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5th Avenue Theatre

5th Avenue Theatre

The 5th Avenue Theatre (often referred to as 5th Avenue or the 5th) is a landmark theatre building located in Seattle, Washington. It has hosted a variety of theatre productions and motion pictures since it opened in 1926. The building and land is owned by the University of Washington and was once part of the original campus. It is operated as a venue for nationally touring Broadway and original shows by the non-profit 5th Avenue Theatre Association. The theatre, located at 1308 Fifth Avenue in the historic Skinner Building, has been listed on the U.S. National Register of Historic Places since 1978.

Planning and construction

The president and general manager of Pacific Northwest Theatres, Inc., Harry C. Arthur, believed Seattle to be a place of growing importance in the motion picture industry in the mid-1920s, and consequently as the place to invest for the long term. Arthur's company absorbed a competing chain of 40 theatres by 1926, and sought further expansion. A large holder of the theatre company's stock and debt was C. D. Stimson who sat on the board of directors of both Pacific Northwest Theatres and the Metropolitan Building Company, developer of what became known as the Metropolitan Tract. Stimson promoted the establishment of a theatre district like that which had developed around a theatre he had built in Los Angeles, California. The planned Skinner Building with a theatre owned by Arthur's company would complete the Stimson development of the Metropolitan Tract.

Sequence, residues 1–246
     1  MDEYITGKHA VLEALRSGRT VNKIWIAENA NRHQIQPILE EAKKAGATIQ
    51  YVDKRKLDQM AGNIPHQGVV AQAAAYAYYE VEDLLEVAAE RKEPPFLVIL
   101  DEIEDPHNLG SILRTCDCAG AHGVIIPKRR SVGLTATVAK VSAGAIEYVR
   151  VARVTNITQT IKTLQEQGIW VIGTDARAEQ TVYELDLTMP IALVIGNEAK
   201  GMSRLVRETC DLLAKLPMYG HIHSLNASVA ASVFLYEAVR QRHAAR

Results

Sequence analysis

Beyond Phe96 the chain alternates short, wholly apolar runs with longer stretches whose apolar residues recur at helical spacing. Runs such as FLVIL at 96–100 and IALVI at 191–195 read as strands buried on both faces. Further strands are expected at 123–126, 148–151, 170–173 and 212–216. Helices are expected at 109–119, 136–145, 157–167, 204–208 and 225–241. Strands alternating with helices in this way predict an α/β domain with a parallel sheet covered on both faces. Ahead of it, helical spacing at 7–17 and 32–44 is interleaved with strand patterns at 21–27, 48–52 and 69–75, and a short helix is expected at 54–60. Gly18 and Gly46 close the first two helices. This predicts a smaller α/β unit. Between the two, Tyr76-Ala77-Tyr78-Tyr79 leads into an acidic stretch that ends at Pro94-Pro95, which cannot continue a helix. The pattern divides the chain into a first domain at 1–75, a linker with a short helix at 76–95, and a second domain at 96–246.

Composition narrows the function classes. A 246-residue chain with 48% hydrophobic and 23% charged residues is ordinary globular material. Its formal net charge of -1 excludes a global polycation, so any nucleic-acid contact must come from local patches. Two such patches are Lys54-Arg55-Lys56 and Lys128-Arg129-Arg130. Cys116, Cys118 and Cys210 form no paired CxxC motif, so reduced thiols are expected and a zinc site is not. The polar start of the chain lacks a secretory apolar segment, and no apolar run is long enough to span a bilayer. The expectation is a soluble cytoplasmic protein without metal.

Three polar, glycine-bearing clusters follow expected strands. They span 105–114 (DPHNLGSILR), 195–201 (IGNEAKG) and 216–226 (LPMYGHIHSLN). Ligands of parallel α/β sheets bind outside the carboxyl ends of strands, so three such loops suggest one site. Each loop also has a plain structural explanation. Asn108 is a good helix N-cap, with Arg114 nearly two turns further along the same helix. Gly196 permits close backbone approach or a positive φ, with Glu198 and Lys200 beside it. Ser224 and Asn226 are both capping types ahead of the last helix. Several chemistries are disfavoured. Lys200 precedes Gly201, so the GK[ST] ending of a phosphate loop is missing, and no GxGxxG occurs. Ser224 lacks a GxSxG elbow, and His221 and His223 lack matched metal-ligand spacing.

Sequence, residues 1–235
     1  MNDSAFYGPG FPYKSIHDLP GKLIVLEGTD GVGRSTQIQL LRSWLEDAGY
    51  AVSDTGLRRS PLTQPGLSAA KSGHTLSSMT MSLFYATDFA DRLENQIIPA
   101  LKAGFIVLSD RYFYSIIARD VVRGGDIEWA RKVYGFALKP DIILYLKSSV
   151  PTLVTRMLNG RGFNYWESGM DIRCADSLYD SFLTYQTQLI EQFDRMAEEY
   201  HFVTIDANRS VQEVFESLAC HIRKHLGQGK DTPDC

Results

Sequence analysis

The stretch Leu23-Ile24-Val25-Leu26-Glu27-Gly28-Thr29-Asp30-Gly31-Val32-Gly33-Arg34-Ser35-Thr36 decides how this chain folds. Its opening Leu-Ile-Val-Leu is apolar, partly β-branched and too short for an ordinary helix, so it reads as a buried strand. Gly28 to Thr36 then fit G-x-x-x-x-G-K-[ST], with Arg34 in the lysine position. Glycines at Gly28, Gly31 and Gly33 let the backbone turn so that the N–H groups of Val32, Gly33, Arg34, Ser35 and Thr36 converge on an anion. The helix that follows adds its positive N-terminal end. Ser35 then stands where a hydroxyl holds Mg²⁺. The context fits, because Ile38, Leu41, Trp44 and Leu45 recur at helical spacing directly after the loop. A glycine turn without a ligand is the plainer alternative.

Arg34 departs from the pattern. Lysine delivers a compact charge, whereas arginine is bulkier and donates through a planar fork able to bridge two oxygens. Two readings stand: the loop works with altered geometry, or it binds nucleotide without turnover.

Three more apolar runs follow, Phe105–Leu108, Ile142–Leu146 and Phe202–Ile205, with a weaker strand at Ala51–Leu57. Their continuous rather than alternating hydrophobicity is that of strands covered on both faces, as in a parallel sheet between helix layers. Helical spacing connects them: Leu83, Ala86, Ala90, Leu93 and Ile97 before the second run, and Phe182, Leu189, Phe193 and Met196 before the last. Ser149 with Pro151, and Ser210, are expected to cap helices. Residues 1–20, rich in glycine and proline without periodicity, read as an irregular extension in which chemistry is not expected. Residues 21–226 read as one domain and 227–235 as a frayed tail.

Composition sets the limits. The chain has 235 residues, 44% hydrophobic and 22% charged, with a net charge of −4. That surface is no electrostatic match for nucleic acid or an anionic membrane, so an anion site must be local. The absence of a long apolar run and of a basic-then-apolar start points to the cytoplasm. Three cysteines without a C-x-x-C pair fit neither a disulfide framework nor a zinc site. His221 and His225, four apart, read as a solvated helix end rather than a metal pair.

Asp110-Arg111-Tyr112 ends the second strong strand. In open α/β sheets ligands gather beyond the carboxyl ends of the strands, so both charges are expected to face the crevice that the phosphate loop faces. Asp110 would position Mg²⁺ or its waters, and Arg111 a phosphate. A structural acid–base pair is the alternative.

The architect, Robert Reamer, had joined the Metropolitan Building Company after World War I and as their house architect designed the Skinner Building and the 5th Avenue Theatre. In creating the 5th Avenue Theatre, Reamer was joined by his colleague, Joseph Skoog, of Reamer's office and Gustav Liljestrom, of the S. & G. Gump Company of San Francisco.

Construction began in October 1925 with construction taking 11 months and costing $1.5 million.

Grand opening

The theatre celebrated its grand opening on September 24, 1926, with an opening unit program that included both film and live vaudeville performances. The opening program included the silent film Young April, Fanchon and Marco's stage presentation The Night Club, and Lipschultz and his Syncopated Soloists. Oliver Wallace, a popular local musician and composer, returned from Portland, Oregon, to be the accompanying organist for opening night. Wallace had been the first theatre organist in a Seattle motion picture house.

Opening night was also marked by festivities outside the theatre. Seven blocks of downtown Seattle around the theatre were closed to street car and automobile traffic. Lured by free street car, bus, and taxicab rides, thousands of people packed Fifth Avenue between Seneca Street and Pike Street, University and Union Streets. 

In the street outside the theatre a street carnival took place. Living up to the moniker for the theater's marquee, "the Magic Sign of a Wonderful Time," spotlights scanned the night sky, banks of Klieg lights illuminated the streets outside the theater, and flares were shot from the roofs of nearby buildings. Additionally, dance bands were placed at the closed intersections to provide entertainment and, using giant screens to project the words, a sing-along was orchestrated on Fifth Avenue in front of the theatre. An estimated crowd of between 50,000 and 100,000 people participated in the events.

Decline and restoration